Mike Trout is 25 years old and with his latest barrage — homering in four straight games — he just went over 50 wins above replacement for his career. You might not be a fan of WAR, but it’s still a meaningful moment because 50 WAR is just about where the Hall of Fame conversation begins.
By Fangraphs numbers, there have been 187 players in baseball history who finished their careers with 50-plus WAR. Most of them are in the Hall of Fame. Nine are on active rosters. They are:
- Albert Pujols, 91 WAR
- Miguel Cabrera, 68 WAR
- Carlos Beltrán, 68 WAR
- Chase Utley, 63 WAR
- Ichiro, 58 WAR
- David Wright, 53 WAR
- Matt Holliday, 51 WAR
- Mike Trout, 50 WAR
- Robinson Cano, 50 WAR
Now, obviously, all nine of them will not go to the Hall of Fame. Pujols, Cabrera and Ichiro have their tickets stamped, Beltrán I think will make it after some squabbling. Utley will be a divisive Hall of Fame candidate. Cano, I think, will go.
Wright and Holliday are both terrific players who are probably not quite Hall of Famers, though Wright could get back in the picture if he could get healthy and have just a handful of good years.
But the point is not to prematurely talk Hall of Fame but instead to point out that 50 WAR is sort of a watershed moment, that invisible line where people begin thinking about legacy. Fifty WAR is a fantastic career. Hall of Famers Tony Lazzeri and Orlando Cepeda had 50 WAR. Hall of Famer Jim Rice had 51. Larry Doby, Enos Slaughter, George Sisler, these are all Hall of Famers in the range of 50 WAR.
And there are other superb players — Will Clark, Minnie Minoso, Jack Clark, Jimmy Wynn — who also compiled around 50 WAR but fell short of the Hall of Fame. I would say 50 WAR is just about where the discussion begins.
And Mike Trout is there at age 25.
By season’s end, he will probably have the highest WAR ever for a 25-year-old — only Mickey Mantle and Ty Cobb are ahead of him now. This is the craziest part about Trout; he has already had a Hall of Fame career and, if we are lucky, it has only just begun. We have never seen anything quite like him in the long history of baseball. He’s like Willie Mays but he walks more. He’s like Mickey Mantle but he steals bases. He’s like Ken Griffey Jr. but he hits for a higher average. He’s like Albert Pujols but fast enough to play centerfield.
There’s that expression you hear sometimes — a baseball player is so good that someday you will tell your grandchildren about him. Well, Trout is so good and so young that there’s no reason to wait. If you have grandchildren, go ahead, tell them about Mike Trout right now. Or find someone else’s grandchildren.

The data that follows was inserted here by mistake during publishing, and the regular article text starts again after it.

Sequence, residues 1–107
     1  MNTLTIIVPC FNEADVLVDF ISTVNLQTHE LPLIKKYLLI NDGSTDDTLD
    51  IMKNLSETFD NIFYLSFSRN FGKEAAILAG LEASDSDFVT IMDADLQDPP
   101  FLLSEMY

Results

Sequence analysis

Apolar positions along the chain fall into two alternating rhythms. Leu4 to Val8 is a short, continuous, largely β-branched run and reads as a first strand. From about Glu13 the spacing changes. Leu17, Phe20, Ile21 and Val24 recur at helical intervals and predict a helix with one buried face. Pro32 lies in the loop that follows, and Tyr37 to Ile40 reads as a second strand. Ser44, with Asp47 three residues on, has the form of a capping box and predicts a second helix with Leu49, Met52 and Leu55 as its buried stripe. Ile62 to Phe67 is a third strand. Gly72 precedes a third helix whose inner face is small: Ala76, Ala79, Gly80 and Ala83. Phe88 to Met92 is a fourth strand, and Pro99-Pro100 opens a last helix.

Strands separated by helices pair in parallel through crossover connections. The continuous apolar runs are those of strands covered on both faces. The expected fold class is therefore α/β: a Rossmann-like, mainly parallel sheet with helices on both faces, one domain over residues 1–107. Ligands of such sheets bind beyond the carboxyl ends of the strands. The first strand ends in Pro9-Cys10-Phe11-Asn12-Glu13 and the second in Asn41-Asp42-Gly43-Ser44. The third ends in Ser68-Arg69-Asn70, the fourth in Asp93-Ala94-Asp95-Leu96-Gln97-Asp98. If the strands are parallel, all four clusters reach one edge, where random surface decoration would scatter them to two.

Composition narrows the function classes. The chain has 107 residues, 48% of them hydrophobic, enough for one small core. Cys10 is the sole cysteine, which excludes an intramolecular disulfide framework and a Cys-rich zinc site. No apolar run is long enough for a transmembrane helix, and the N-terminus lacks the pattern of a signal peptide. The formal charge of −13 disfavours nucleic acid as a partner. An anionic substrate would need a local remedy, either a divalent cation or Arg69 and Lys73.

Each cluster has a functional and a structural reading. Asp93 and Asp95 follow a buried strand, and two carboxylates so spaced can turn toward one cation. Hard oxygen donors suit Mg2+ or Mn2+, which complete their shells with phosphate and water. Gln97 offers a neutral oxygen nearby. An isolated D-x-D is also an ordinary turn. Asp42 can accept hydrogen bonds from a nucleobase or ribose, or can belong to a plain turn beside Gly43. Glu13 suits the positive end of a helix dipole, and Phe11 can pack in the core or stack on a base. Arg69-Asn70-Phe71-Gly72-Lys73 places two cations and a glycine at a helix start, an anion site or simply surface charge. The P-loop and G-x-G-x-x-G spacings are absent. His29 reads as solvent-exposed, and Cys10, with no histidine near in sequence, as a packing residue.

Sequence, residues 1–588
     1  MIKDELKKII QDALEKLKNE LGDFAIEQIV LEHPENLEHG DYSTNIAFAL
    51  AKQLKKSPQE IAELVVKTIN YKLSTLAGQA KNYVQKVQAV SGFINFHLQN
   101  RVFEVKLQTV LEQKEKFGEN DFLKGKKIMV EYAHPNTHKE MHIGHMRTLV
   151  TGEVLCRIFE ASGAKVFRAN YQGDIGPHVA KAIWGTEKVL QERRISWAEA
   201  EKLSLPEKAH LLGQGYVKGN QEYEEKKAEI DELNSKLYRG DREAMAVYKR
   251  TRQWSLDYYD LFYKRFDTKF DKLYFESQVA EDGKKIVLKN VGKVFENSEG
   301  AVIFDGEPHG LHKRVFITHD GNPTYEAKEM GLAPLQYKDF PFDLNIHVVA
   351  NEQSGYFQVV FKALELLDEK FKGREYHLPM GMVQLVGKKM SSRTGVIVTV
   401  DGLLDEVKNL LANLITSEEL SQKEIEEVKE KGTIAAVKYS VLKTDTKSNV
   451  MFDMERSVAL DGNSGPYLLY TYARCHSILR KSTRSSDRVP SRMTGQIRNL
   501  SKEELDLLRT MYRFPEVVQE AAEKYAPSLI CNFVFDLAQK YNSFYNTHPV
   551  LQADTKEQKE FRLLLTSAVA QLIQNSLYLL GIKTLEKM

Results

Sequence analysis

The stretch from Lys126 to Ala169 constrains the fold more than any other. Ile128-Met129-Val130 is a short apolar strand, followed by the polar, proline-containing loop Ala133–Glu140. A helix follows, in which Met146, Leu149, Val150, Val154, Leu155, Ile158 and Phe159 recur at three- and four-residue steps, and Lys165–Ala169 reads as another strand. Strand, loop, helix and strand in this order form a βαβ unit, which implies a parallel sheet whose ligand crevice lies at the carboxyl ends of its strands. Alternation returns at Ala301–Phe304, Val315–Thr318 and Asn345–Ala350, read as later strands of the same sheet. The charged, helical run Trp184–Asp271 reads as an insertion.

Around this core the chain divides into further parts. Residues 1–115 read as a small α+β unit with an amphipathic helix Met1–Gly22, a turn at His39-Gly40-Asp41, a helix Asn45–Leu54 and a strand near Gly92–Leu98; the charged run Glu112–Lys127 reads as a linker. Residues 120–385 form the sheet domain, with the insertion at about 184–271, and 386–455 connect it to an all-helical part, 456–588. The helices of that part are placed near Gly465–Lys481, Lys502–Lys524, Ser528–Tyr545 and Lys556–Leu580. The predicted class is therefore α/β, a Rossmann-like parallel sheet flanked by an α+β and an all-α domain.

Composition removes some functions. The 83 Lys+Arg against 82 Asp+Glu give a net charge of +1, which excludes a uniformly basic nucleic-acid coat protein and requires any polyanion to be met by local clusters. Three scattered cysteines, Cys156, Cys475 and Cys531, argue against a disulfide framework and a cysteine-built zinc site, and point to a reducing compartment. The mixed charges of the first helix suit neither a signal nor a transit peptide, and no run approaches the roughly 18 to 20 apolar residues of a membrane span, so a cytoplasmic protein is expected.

Over at Sports On Earth there is an interesting story where pitchers talk about what they think about the pitcher win. Some, like Kyle Hendrick, think it might go away. Others, like Clayton Kershaw, echo the thinking I’ve had about it lately which is that it’s not the most telling stat in the world but it has too much history and psychological power to disappear.
But the most fascinating comments came from Cubs manager Joe Maddon.
“I would say getting the win is always the end-all for a pitcher,” he said. “I would say 17 [wins] with a 4.00 [ERA] over 12 with a 2.00, they’ll take the 17 with a 4.00.”
Now, Joe Maddon is a interesting guy, a funny guy, a thoughtful guy. He’s also a bit of a jokester, which could play into the quote too. But, when all is said and done, he can’t possibly mean that a pitcher, even in theory, would take a 17-win season with a 4.00 ERA over a 12-win season with a 2.00 ERA. He can’t possibly believe that the 17-win pitcher helped his team win more even by allowing two runs more per nine innings. Something has to be lost in translation.
The thing the pitcher win has always had going for it, the thing that I believe gives the win so much power, is the name: “Win.” The idea of Major League Baseball, of course, is to win. The singular goal when starting the game is, of course, winning that game. And so somehow the pitcher win has become muddled up with an actual win even though the two are not at all the same thing.
A pitcher cannot “win” a game. A pitcher can use his talents and the defense behind him to prevent runs from being scored. That’s it. If a pitcher ever strikes out 27 batters and hits a home run for the only run of the game, yes, that pitcher actually “won” the game. Hasn’t happened yet. Never will happen. So the pitcher win is a very different thing from actually winning.